HE had been sitting near the van drinking his cup of hot Milo for some time -just observing, not particularly talking to anyone, just watching.
By his dress, it was obvious that he was not the traditional homeless ‘stereotype’. He was wearing what appeared to be a new pair of joggers, a ‘loud’ pair of board shorts and an even ‘louder’ Hawaiian shirt.
By the way he was wearing his clothes, you could tell he took a certain pride in his appearance -the matching socks evenly pulled up, the red cap sitting just so on his head.
I wondered why he was here. He looked like he could afford to be across the road in the cafe having a cup of hot chocolate there. Why Rosies?
I noticed that his drink was running low and went up and asked him if he wanted another. When I brought it back I took the opportunity to talk to him. I introduced myself and he introduced himself as Michael.
We bantered the usual small talk, how our day was, the weather, how we think the Brisbane Broncos are going to go in the footy this year. In talking to him, it dawned on me that Michael talked a little slower than most people.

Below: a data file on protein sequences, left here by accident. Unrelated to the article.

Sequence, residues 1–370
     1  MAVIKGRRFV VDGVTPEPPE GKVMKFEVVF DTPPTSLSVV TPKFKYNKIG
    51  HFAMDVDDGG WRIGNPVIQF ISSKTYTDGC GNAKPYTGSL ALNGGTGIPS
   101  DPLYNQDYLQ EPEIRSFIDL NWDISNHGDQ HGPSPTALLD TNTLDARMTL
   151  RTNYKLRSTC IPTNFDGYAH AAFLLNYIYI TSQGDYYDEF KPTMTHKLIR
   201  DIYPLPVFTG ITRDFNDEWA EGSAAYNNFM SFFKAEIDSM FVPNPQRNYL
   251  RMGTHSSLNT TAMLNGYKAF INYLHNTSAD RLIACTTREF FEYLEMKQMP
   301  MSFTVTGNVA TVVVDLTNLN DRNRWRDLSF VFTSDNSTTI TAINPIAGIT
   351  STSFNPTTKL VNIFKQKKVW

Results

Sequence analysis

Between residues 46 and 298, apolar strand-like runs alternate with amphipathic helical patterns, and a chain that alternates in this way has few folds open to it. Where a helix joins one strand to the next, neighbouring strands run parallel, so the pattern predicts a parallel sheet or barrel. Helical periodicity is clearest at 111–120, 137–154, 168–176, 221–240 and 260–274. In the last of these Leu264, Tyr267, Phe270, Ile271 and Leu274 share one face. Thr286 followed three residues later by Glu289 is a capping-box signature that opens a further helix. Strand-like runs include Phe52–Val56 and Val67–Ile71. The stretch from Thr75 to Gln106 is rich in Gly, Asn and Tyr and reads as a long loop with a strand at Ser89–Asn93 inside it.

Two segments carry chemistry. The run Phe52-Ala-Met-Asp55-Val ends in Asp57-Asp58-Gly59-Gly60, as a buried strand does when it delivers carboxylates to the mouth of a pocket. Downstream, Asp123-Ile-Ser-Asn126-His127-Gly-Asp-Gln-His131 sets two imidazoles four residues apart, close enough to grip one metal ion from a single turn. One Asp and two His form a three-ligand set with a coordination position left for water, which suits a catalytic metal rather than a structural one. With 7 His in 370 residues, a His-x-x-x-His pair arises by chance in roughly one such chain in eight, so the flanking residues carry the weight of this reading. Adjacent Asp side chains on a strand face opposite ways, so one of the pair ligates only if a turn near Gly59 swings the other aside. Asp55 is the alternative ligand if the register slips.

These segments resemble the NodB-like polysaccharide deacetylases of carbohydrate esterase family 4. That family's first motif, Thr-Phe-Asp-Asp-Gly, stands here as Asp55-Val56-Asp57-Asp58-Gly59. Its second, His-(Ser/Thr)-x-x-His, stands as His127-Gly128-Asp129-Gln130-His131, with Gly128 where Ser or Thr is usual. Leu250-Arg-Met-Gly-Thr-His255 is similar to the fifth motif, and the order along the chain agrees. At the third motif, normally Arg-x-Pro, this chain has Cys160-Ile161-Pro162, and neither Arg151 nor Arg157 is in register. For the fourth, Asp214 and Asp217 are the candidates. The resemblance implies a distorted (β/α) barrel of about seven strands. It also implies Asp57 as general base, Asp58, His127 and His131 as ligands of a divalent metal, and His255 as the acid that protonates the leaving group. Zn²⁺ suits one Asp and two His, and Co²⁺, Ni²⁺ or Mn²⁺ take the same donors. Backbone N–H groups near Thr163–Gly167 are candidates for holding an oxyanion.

As we continued talking it turned out that Michael had a steady job at a recycling centre and lived at home with his mum and dad. By most comparisons he was far from ‘homeless’, yet here he was at the Rosies van.
Curious, I asked him what brought him into the City tonight. He said that Friday night was his night out with his Rosies friends.
He then looked at his watch and said his farewells as he headed off for the last bus home.
I learnt a little more about Rosies that night. Our friends who come to the van come from all walks of life and are all at different stages in their journey. By welcoming all, just as Christ asked us to, we reflect God’s love to all.
The Catholic Leader is an Australian award-winning Catholic newspaper that has been published by the Archdiocese of Brisbane since 1929. Our journalism seeks to provide a full, accurate and balanced Catholic perspective of local, national and international news while upholding the dignity of the human person.
The Catholic Leader acknowledges Aboriginal and Torres Strait Islander people as the First Peoples of this country and especially acknowledge the traditional owners on whose lands we live and work throughout the Catholic Archdiocese of Brisbane.